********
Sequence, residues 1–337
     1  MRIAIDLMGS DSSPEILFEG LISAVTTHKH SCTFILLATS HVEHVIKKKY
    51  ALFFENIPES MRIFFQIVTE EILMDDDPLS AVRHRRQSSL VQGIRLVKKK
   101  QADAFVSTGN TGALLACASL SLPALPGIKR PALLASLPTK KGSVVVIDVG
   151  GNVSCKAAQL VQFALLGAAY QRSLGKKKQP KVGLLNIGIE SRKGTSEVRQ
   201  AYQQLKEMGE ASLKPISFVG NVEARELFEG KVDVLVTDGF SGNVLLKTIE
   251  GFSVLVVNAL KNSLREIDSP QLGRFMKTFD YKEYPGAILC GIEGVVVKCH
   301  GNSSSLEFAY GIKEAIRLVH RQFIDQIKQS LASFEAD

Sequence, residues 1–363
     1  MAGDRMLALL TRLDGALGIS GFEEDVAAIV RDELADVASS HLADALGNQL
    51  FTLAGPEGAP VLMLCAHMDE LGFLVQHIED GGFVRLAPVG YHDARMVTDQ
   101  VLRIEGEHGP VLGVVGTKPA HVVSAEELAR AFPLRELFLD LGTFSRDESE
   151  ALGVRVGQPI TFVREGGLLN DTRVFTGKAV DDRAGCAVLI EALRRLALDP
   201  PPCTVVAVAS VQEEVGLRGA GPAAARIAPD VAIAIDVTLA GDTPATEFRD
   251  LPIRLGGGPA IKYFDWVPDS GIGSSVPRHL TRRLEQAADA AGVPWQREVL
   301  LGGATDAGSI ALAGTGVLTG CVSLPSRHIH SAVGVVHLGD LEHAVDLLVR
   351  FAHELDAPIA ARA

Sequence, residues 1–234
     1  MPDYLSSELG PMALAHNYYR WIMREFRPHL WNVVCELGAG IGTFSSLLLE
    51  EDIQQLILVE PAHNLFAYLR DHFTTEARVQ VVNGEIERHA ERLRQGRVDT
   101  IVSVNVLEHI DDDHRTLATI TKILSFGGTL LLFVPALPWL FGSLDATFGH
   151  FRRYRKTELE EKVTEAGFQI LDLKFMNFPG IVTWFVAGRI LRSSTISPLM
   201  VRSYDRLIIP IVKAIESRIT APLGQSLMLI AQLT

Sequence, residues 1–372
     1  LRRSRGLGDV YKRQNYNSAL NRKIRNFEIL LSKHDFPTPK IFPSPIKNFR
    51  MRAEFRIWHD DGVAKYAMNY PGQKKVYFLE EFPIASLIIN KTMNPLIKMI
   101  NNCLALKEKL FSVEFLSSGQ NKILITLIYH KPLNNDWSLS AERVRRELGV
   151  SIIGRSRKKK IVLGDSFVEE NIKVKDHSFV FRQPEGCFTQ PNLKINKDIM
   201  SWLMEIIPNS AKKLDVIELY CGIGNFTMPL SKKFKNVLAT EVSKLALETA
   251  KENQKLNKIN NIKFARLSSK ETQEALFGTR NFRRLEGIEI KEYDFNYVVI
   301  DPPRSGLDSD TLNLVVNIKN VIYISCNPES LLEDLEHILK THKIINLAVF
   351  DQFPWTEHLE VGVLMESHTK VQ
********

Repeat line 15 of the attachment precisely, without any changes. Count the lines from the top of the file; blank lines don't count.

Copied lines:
   251  LPIRLGGGPA IKYFDWVPDS GIGSSVPRHL TRRLEQAADA AGVPWQREVL